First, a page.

The video tape gave the world a glimpse of a process that is usually completely invisible, including the deployment of parachutes to slow down the spacecraft after entering space.
Ian Clark, a systems engineer at NASA’s Jet Propulsion Laboratory in Pasadena, California, said the 70.5-foot supersonic parachute is an extraordinary engineering challenge. Clark, who has been working at JPL since 2009, has worked on parachutes for many years. He conducted three tests on the earth to ensure that the parachute survived the expansion of wind speed, which is twice the speed of sound, or Mach 2.
Clark said: “The tests we conducted have not really been carried out since the Viking project (70s and 80s), which is a supersonic parachute test for parachutes.”
Parachute tests were conducted at NASA’s Wallops flight facility in Virginia in 2017 and 2018. The test team replicated the Martian environment by using sounding rockets to reach half of the edge of space at twice the speed of sound and deploying parachutes.
Nylon, Technora and Kevlar were used to make the largest parachute ever made. The material of the parachute was three times stronger than the material used when the Curiosity rover landed in 2012.
The team is confident in their test, but it all depends on the main performance of the parachute on Mars.
Easter eggs are part of NASA’s mission to Mars. For example, because of the tiny holes in its wheels, the Curiosity rover, who has been exploring the Gale Crater, left a Morse code “JPL” orbit on its way around the Martian landscape.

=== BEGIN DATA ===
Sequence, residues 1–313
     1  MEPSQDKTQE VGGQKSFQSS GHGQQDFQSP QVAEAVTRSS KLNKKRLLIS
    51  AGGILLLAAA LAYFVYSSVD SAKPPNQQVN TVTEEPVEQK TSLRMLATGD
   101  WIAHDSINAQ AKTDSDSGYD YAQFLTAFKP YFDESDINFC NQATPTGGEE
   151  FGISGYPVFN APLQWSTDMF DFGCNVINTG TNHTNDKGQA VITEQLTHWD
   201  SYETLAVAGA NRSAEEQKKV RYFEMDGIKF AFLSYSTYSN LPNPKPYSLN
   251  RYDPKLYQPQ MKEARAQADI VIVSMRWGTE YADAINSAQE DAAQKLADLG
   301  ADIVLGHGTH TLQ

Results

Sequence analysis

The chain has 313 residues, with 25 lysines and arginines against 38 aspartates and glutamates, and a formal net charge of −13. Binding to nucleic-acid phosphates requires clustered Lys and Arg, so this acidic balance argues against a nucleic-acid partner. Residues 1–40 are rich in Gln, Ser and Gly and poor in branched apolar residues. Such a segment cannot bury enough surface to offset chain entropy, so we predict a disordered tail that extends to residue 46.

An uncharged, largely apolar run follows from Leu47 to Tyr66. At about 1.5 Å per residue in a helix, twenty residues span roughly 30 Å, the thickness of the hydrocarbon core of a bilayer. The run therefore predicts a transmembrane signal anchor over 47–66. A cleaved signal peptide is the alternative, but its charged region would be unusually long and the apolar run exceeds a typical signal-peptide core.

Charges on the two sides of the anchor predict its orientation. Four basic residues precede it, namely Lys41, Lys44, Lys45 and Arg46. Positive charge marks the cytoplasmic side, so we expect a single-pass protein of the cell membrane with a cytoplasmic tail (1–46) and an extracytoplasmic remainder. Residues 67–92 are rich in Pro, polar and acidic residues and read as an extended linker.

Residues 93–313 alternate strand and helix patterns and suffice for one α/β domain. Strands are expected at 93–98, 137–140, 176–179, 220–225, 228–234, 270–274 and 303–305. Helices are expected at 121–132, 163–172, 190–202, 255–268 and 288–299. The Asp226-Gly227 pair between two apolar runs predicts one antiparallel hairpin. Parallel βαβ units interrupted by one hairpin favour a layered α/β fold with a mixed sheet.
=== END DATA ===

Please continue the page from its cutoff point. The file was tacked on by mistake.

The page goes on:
When working on parachute design, Clark knew that creating patterns would be useful. The pattern on the parachute helps to convey its direction, how to inflate and whether there is any damage after inflation. The checkerboard pattern can be confusing, so Clark wants to use something less uniform and more distinctive.
Then Clark and some of his team members decided to have some fun.
Clark is a puzzle junkie. He does “New York Times” crossword puzzles every morning. His mother also kept the Sunday version of the puzzle in a Manila envelope and gave it to him every time he visited her.
He considered using binary codes to encode words. But what will the message be? Although he was never an inspirational poster publisher, he derives a lot of meaning from it, but three words stand out for Clark: “Dare to be bold.”
The motto comes from a speech by Theodore Roosevelt, which is found in buildings throughout the JPL campus.
Clark said: “Week after week, I will never get tired of reading “Da Shi Tong”.” “This is not only a phrase, but even the broader context of the speech. This great inspiring message really represents the overall culture of JPL and NASA.”
He also included JPL’s GPS coordinates on the outer circle of the parachute.
At a press conference where the video was shared with the public on Monday, Allen Chen, head of entry, descent and landing, ridiculed that the orange and white parachutes might have some deciphering points.
Within a few hours, space fans started posting their decrypted content on Reddit and Twitter. Clark was very happy to see other people (especially so fast) participating in solving this problem and the joy of spreading after sharing the Martian video.